UPDATE: The worst thing about flying? You
By Quentin Fottrell, MarketWatch
Airlines get a bad rap from customers over delayed flights, high prices and baggage fees. But a passenger's biggest enemy may be other passengers.
The latest high-profile contretemps concerning warring passengers happened earlier this week when a United Airlines (UAL) Boeing 737 flying from Newark, N.J., to Denver made an unscheduled stop at O'Hare International Airport in Chicago. According to press reports, one male passenger had a "Knee Defender," a device that prevents the person in front of you from reclining their seat to take 40 winks. In retaliation, the woman who had been blocked from reclining threw a glass of water on him. A tussle ensued and the plane changed course and landed. No one was arrested. (Added irony? The passengers were sitting in the "Economy Plus" section, which gives them more legroom than many other passengers on the plane.)
Gone are the days when people sip a martini and make polite conversation about the weather and people's health. All niceties are forgotten at 40,000 feet. On Wednesday, two women were arrested after a Sunwing flight from Toronto to Cuba turned back after two women drank their duty-free alcohol and lit a cigarette, setting off a smoke alarm. The airline said the passengers then got into an altercation with each other and made a threat against the aircraft, which was not considered credible, given their inebriated condition. They were arrested at Pearson International Airport when the plane landed.
Low-budget airlines experience their fair share of bad behavior. Last month, an intoxicated passenger on a Ryanair (RYAAY) flight from Poland to Ireland attempted to open the emergency door, mistaking it for the door to the restroom. He pleaded guilty in a Dublin court to being intoxicated on an aircraft and acting in a threatening manner, and was fined $200. In June, a man was fined GBP178 ($295) in a London court for urinating on the floor of a Ryanair aircraft in March; he changed clothes when the flight landing, hoping to avoid detection. He was part of a family of 11, which had brought their own cans of Guinness onboard. Another member of the family ran through the aisle and tumbled on top of another traveler. (At least no one was reclining. Seats on Ryanair planes are bolted upright.)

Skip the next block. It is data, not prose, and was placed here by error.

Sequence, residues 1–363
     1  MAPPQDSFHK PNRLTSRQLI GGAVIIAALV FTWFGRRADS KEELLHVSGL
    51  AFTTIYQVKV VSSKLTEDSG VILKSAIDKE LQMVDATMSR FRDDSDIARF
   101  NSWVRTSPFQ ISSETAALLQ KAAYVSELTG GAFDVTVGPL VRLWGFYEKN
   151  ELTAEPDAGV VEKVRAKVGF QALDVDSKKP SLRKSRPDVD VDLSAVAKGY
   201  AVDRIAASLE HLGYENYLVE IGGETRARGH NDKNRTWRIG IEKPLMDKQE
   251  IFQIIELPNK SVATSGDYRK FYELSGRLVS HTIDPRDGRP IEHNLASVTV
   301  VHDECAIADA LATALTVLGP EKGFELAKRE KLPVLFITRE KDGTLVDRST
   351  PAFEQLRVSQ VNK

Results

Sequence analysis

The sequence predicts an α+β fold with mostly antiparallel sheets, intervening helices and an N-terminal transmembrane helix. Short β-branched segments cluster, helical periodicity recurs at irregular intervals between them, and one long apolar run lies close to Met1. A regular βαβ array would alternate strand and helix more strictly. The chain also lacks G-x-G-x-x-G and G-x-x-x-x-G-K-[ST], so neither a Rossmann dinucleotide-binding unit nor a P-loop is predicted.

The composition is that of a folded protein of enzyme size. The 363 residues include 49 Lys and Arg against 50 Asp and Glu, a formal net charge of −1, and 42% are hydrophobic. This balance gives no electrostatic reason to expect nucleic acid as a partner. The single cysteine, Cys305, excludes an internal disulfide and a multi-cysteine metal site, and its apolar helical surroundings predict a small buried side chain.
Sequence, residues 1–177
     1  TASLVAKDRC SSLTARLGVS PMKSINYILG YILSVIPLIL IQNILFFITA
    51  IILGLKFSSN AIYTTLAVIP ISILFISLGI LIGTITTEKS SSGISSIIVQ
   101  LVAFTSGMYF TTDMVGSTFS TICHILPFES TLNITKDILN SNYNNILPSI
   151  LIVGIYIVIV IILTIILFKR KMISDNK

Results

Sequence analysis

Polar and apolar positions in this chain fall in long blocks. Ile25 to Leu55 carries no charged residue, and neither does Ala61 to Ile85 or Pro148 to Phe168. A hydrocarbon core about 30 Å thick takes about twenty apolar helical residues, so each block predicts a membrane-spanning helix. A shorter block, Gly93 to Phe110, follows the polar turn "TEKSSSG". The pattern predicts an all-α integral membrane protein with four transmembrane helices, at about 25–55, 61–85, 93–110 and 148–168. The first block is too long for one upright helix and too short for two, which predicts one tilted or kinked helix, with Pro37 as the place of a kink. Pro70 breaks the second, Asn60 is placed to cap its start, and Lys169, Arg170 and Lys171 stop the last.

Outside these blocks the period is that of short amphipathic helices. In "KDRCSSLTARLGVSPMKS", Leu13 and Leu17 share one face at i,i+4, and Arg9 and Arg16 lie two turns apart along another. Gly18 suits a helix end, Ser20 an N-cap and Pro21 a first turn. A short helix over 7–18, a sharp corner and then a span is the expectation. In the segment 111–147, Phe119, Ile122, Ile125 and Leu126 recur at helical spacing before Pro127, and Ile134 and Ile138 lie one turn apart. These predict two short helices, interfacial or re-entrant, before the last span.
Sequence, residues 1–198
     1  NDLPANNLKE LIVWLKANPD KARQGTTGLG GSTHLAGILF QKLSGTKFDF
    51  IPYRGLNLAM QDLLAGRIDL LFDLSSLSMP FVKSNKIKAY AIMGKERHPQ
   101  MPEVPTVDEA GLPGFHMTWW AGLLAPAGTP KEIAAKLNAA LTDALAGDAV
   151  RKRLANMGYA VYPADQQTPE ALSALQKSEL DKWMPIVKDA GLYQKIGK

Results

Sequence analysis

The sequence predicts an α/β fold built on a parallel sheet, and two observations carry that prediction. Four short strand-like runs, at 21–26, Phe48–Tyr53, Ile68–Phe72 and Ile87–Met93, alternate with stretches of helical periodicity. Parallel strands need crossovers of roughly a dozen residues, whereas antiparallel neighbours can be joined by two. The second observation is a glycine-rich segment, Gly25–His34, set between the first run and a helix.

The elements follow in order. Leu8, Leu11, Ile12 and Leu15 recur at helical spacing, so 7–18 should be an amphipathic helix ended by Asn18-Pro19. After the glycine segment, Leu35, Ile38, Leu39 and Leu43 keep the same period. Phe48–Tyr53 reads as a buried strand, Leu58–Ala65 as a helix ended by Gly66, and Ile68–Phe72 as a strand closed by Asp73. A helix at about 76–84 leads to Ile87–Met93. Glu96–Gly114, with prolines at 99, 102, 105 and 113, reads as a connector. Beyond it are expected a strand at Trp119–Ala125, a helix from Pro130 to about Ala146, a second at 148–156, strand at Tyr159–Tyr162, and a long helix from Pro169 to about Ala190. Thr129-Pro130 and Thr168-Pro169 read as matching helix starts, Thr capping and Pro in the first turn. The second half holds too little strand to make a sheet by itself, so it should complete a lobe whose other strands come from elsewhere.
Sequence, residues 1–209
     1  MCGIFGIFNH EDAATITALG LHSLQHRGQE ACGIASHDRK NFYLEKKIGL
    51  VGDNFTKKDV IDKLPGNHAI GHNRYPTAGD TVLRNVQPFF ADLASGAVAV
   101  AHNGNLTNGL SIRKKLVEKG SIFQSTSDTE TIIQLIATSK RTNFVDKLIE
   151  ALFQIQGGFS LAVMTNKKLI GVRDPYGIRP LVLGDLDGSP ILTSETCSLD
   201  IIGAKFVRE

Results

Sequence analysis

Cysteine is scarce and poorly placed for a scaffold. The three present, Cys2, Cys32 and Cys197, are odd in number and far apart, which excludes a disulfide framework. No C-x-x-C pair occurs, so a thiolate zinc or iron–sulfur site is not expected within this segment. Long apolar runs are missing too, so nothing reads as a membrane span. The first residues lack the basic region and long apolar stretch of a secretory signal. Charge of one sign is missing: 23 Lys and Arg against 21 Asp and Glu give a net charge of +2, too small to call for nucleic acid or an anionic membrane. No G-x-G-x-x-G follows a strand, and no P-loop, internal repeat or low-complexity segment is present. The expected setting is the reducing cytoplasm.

What's wrong with everyone?
Air travel has lost any glamour and for those of us in economy the airplane has become a city bus in the sky. Many passengers are frazzled by the time they take their seats, says Pamela Eyring, president of The Protocol School of Washington in D.C. Jet lag, exhaustion after a long and stressful vacation, lack of adequate leg room and bad food make people grouchy. "Airplane travel is not pleasurable unless you're in business class," Eyring says. "We get panicky and do bad things. Also, drinking doesn't help matters much. If you've been sitting in the airport bar for two hours before getting on the plane, you could easily be turned off by another passenger."
The biggest violators of airplane etiquette are inattentive parents (rated as offensive by 41% of people), according to the "2013 Airplane Etiquette Study" by travel firm Expedia. This was followed by rear-seat kickers (38%), passengers with poor hygiene (28%), "boozers" (26%) and "Chatty Cathys" (23%). The seat switcher was last with just 5% of the vote. What's more, 10% of respondents report having had some kind of sexual relations on a plane. And nearly half of passengers say they'd pay extra for a quiet zone.